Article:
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Refractive Index vs Conductivity

  1. Feb 9, 2019 #1
    Hello all,

    I would like to know which of the above two methods used in determining concentration of a solution is more accurate?

    Thanks,
    KV
     
  2. jcsd
  3. Feb 9, 2019 #2

    Bystander

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    Depends on the solution: electrolyte, non-electrolyte, ....
     
  4. Feb 9, 2019 #3
    Thanks for the reply. Could you elaborate please.
     
  5. Feb 10, 2019 #4

    Bystander

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    What is the conductivity of sucrose in water?
     
  6. Feb 10, 2019 #5
    OK I get your point. Although my application does not revolve around sugar solutions. It's mostly industrial usage chemicals for eg. Machining coolants or Alkaline detergents used for washing parts.
     
  7. Feb 10, 2019 #6

    Bystander

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    Might be handier to look at density/specific gravity for that (see the sugar tables in CRC's Hndbk of Chem. & Phys.); there're too many composition variables to handle with "tailored" assays.
     
  8. Feb 10, 2019 #7

    Tom.G

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    Optical transmittance (clarity) is also often used, as is DIssolved Solids. Dissolved solids measurements, however, may require evaporation of a water sample. Considering the range of stuff you want to detect, you will probably need a combination of tests.
     
  9. Feb 11, 2019 #8
    Reminds me of some work done by my employers to try to bypass a tedious daily 'evaporation' test for circulating solids etc in inhaler filling lines...

    Summarising several decades of oft-ingenious attempts, gallant failures and incremental improvements, really simple sensors could give a semi-quantitative approach, each product and each flow-rate requiring patient generation of an ad-hoc calibration graph. Trying to get beyond that was bollixed by managers' attempts to run lines beyond their 'sweet spot' speeds, random stops & starts producing erratic line data, plus a lot more lab-work due to the surfeit of 'micro-batches'...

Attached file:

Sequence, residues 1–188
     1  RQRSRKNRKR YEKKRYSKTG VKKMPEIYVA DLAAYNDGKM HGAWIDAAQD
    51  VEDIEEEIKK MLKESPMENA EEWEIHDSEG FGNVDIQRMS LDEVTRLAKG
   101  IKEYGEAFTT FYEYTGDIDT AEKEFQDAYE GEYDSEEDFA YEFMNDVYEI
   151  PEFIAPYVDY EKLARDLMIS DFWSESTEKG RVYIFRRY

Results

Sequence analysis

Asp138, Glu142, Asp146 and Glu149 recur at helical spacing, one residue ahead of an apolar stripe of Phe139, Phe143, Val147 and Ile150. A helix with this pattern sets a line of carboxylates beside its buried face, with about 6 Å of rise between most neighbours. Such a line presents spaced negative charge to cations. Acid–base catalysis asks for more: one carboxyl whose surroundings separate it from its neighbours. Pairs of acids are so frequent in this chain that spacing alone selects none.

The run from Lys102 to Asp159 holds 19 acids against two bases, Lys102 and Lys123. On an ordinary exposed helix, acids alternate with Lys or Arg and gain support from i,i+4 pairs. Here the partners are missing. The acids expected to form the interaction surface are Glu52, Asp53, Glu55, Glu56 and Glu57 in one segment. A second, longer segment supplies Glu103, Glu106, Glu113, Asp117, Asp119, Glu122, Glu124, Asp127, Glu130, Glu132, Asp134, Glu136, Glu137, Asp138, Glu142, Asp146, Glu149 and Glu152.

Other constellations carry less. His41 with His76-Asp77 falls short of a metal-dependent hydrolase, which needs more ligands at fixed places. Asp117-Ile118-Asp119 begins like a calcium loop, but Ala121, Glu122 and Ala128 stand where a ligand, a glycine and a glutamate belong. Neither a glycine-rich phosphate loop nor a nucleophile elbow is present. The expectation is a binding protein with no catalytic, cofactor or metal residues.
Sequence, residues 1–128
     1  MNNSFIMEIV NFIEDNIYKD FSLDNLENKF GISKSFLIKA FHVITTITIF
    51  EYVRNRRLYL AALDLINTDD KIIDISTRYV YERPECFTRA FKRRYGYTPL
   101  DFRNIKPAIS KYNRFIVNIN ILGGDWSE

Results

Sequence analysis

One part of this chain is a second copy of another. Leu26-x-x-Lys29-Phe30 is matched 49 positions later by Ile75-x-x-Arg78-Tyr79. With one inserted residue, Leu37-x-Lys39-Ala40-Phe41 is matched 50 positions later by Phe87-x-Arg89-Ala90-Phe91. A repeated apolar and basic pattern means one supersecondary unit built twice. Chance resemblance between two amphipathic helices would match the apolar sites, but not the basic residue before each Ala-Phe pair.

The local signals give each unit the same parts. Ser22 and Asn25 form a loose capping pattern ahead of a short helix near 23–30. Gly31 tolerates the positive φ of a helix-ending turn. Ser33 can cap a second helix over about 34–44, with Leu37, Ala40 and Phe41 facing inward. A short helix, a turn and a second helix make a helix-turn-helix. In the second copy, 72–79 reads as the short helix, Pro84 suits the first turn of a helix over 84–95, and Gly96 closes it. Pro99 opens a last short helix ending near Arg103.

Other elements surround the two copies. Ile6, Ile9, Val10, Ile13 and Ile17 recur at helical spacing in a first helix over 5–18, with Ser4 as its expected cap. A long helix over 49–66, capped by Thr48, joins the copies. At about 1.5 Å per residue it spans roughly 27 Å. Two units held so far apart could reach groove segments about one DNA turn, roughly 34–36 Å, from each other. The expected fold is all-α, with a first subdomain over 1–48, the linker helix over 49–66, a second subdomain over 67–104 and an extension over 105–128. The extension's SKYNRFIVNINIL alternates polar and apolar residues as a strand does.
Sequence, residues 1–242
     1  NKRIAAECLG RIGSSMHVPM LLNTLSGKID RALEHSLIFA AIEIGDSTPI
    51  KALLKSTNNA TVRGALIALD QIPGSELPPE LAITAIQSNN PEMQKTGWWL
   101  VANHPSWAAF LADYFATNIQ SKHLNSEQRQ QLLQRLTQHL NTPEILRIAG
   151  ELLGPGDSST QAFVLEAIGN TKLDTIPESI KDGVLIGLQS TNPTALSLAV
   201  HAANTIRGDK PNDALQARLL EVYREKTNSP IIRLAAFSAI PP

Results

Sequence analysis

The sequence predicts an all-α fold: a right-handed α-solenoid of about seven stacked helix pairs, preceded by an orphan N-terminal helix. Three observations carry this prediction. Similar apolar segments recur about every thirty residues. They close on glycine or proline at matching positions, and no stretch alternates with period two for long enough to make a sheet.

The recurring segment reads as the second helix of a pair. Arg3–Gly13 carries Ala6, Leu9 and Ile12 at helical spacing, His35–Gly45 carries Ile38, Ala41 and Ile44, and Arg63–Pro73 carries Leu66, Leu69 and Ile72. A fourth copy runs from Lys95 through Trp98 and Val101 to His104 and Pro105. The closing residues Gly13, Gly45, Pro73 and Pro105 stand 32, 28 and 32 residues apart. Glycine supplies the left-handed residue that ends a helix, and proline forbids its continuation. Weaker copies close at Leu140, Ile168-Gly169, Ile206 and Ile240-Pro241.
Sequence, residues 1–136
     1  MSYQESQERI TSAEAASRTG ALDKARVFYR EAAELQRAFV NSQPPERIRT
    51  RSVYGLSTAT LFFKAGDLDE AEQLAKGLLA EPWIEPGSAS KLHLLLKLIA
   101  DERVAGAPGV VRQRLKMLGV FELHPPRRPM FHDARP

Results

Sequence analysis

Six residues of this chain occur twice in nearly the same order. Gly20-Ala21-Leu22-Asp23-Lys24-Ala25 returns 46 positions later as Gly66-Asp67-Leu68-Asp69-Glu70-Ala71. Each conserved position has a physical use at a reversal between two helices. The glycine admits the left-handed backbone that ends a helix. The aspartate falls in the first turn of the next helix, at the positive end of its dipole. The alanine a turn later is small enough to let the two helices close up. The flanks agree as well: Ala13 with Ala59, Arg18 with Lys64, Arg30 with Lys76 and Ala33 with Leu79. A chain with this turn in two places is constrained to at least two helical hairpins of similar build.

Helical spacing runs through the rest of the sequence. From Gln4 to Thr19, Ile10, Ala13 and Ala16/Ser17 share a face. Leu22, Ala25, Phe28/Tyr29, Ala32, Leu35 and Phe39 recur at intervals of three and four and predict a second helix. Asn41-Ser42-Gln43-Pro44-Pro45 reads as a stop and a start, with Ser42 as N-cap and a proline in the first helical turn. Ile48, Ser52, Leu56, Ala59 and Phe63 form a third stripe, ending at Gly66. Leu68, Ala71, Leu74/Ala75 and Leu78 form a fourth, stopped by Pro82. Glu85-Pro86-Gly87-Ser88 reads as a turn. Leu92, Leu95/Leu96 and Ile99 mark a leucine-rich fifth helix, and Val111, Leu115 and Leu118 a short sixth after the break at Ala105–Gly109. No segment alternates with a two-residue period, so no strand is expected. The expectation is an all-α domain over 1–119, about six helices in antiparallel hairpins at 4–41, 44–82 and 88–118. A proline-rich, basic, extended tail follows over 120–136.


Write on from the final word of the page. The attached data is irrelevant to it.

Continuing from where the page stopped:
The alternative of a flow-through density instrument cost far more than its data was worth...

    IIRC, the sugar and sugar product industry refined 'refractive index' sensor design. The 'cleaning products' people cleaned up with conductivity, dielectric properties, Redox, pH, opalescence etc etc...

    May I suggest you trawl old-ish reference library sources for ideas ? You may be able to miniaturise, stabilise and harden old tech using eg LEDs, lasers etc...
     
  10. Feb 14, 2019 at 1:57 AM #9

    Baluncore

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    With cutting fluids, such as soluble oil in water, the density will be reduced by the oil. A sensitive float switch can be adjusted to trip on low or high density. I use a solid polymer ball that floats in water, but sinks in oil, to detect water in an oil tank. Likewise, diesel fuel systems sometimes employ a water sedimenter with a similar density float and magnet, with a reed switch to the sedimenter warning light.

    Dielectric constant Er, is related to refractive index. Water and oil have very different Er. You can measure Er of opaque solutions by measuring electrical capacitance between two plates immersed in the solution. Build an RC oscillator and monitor the frequency changes with changing concentration of soluble oil. It might meet your requirements and do the job.

    I would try conductivity for ionic alkaline detergents used for washing parts. The detergents may change conductivity as they react during the washing process. That may help or hinder the measurement. Use low voltage AC conductance measurements to avoid electrolysis of electrodes.
     
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